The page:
Ding Dong the Wicked Witch is Dead (now with update!)
So, OK, now that I'm back in Israel I suppose I should say something about Israeli politics and Arafat.
On Monday, I went to the makolet (local grocery), and Shabi was in the best mood I'd ever seen him in. He was literally singing while ringing up purchases and organizing shelves. I was thinking that he must have an amazing new girlfriend, but no, his lightheartedness was because Arafat was going to die any minute. He could barely control his happiness. He was so happy that it spilled over to me. I became happy because it's hard to be around someone in such a profoundly good mood and not share it!
Now, I don't know Shabi's history. It could be that he and his family and friends have a much more personal relationship with Palestinian terrorism than I do. Far be it from me to judge someone else's reaction to the demise of a terrorist who may have been directly responsible for the death of people Shabi knew and loved.
But in general, I think there's something gauche about being that ecstatic over Arafat's death.
Oh, please don't misunderstand. I think Arafat was a lying, manipulative, evil, murderous, embezzling sneak and a cheat who betrayed Israel AND his own people. Hundreds of millions of dollars of humanitarian aid that he took from them . . . . the support for terrorism coming from one side of his mouth while he spoke of peace with the other . . . he was a disgusting specimen of human DNA. He deserves every ounce of hatred and contempt that is sent his way.
As one friend said to me, "it's sad to think that someone lived his life such that no one is really sorry to see him go." Technically she was wrong: Allison Kaplan Sommer has several posts about the BBC reporters who are sad to see him go. But my friend's basic point stands.
Over at Biur Chametz, our friend Zman Biur has an interesting roundup of rabbinical opinions about how, why, and to what extent Jews should or may rejoice at Arafat's death. I recommend going there to read it.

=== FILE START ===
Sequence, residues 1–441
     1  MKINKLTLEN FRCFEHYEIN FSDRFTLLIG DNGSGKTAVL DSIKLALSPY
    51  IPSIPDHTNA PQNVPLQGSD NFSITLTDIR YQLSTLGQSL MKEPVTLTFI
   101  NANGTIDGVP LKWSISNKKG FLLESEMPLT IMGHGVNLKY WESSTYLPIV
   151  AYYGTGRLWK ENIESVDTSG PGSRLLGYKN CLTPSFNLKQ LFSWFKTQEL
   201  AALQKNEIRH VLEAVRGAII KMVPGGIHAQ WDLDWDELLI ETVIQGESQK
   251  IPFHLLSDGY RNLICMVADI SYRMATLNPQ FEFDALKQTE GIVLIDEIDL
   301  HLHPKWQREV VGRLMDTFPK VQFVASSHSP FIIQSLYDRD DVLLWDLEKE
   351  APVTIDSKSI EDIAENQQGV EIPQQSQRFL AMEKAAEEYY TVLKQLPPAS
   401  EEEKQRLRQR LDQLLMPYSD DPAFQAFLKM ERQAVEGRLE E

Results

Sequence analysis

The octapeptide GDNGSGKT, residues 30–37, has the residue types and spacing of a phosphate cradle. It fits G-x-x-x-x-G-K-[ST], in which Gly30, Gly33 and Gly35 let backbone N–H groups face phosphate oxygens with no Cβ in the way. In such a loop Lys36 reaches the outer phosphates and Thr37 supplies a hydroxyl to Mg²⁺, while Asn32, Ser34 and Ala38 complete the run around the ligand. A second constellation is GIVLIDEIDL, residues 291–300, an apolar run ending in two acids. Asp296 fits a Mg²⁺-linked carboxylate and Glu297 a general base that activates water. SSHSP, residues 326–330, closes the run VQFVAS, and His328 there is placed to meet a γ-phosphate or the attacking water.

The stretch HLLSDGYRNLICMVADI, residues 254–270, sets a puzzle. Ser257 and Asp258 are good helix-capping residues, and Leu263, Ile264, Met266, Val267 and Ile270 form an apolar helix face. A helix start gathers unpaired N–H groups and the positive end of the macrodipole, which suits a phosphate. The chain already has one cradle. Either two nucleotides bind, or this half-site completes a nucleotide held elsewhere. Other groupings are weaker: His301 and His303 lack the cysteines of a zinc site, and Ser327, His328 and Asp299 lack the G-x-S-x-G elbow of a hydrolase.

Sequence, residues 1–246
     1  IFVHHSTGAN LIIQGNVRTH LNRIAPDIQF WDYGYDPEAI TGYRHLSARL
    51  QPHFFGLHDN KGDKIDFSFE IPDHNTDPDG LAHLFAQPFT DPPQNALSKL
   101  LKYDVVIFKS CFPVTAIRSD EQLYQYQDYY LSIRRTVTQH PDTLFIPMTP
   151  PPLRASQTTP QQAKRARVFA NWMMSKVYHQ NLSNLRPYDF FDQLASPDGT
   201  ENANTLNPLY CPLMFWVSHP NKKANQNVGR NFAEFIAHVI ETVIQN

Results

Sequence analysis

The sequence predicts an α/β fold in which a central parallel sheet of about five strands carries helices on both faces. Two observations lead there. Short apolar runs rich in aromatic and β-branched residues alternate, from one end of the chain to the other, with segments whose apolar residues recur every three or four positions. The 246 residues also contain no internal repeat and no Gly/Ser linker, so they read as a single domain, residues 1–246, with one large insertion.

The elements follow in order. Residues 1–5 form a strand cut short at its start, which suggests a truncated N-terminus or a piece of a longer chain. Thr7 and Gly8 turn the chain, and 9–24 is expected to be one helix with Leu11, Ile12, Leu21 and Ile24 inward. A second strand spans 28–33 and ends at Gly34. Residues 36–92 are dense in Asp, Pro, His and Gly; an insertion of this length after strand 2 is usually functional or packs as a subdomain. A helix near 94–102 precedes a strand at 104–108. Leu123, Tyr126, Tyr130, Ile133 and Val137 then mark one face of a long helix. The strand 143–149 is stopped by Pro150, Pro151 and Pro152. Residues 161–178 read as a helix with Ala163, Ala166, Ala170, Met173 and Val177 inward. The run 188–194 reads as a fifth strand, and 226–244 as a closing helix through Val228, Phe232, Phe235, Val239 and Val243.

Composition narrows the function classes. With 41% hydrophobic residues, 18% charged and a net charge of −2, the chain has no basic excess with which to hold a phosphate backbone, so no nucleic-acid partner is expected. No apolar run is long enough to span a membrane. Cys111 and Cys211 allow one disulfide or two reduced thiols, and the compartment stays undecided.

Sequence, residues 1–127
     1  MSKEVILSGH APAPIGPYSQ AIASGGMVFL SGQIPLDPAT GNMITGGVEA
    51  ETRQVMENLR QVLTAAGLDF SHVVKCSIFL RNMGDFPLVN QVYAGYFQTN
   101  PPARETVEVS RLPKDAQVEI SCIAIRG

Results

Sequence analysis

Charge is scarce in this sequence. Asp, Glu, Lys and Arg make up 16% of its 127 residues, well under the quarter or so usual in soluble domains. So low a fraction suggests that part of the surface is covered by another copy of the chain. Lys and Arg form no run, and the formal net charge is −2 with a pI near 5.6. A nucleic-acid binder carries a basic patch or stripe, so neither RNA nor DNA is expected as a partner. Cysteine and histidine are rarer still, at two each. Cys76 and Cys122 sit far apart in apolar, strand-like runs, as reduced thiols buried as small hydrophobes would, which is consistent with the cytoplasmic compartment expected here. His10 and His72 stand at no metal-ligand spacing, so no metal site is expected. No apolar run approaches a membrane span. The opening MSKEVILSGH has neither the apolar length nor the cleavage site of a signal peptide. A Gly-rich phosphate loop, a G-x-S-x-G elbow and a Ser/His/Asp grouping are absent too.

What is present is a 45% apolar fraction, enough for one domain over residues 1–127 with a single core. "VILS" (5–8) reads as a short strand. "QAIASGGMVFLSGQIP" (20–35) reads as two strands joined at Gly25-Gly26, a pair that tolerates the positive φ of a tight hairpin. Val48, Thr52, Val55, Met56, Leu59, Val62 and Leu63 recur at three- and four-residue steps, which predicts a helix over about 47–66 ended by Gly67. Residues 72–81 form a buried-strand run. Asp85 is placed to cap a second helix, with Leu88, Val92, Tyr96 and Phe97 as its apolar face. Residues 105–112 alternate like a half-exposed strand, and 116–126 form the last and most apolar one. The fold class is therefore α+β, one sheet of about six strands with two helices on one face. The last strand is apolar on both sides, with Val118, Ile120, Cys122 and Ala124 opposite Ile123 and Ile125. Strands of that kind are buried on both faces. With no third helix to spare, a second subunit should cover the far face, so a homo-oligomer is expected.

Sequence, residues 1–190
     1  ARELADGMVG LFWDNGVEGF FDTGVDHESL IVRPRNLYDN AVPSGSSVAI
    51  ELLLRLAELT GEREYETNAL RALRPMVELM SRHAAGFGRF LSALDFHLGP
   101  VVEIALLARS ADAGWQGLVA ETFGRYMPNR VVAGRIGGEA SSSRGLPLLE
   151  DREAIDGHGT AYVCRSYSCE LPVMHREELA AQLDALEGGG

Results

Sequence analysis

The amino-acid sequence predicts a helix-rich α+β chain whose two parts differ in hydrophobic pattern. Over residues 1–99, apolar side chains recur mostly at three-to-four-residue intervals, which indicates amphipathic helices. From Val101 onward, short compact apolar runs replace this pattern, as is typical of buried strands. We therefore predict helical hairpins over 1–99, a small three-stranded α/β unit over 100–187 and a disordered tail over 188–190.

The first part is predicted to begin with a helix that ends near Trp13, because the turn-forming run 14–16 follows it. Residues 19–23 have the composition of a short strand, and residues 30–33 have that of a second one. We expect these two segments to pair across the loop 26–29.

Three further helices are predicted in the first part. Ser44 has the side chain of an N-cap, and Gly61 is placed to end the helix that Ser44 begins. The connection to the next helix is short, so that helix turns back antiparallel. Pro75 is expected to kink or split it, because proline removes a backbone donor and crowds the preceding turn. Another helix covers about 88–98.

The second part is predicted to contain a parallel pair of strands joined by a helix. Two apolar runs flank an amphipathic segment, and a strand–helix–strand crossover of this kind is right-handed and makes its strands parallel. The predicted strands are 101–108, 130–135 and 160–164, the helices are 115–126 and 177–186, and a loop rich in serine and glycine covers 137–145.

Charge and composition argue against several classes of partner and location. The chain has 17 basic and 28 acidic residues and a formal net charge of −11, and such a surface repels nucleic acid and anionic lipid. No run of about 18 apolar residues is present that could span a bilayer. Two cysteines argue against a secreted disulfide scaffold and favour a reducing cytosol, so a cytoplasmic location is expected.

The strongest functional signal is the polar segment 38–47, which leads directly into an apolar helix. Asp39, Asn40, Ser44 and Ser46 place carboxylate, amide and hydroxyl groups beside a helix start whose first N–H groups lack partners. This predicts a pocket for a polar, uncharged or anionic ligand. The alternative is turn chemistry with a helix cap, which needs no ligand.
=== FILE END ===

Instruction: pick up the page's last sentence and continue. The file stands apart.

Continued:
But my conclusion is different from Zman's. Given that very few of us are on such a spiritual level that we'd be celebrating out of "love and gratitude to God" (and, note that we have not witnessed a miracle - Arafat died of natural causes in old age - hardly a sign that God is about to deliver us from evil . . . ) I think the appropriate reaction at this time is not rejoicing, but rather grim satisfaction.
I'm sure that if there are large-scale celebrations in Jerusalem or other areas, the media will be happy to report on it. I wonder who will watch that footage and think "Those Israelis are just as unsympathetic, inhumane, and unclassy as the Palestinians are" and who will think "Well sure they are rejoicing, Arafat was a murderer, and the Israelis are the only ones who seem to understand that!"
Question: Has anyone seen any obits that say straight out that while Arafat may have been famous and somewhat powerful, he was a lowlife? Please send links. I'm tired of all the ones that say "everyone knew who he was, and he had this unrealized dream of a Palestinian state, blah blah blah, that's the best we can say about him, and we won't bother listing the worst we could say, if we wanted to."
Arafat finally dead. May his memory be cursed. And may his death bring about new opportunities for real peace between Israelis and Palestinians, and new opportunities for the Palestinians, as a nation, to conduct themselves in constructive ways. And may the Israelis and Palestinians both take advantage of those opportunities.
We shall see!
Do you speak Spanish? Can you translate this blog post, which links to mine?
Thanks to Dov Bear for linking to this post, and your kind words. I appreciate it. (I love Dov Bear's blog, by the way! It's smart and sassy. Check it out! I'll add it soon to my blogroll.)
Thanks to Delphine's Ocean for the link and kind words. And no, I don't think you are anti-Israel at all, but I urge you to reserve your compassion for people who are more likely to deserve it. I think at Arafat's death we should neither party nor shed a tear, but rather breathe a sigh of relief, perhaps indulge in visions of the fiery pit he's probably in right now, and then move on to constructive things like peace talks.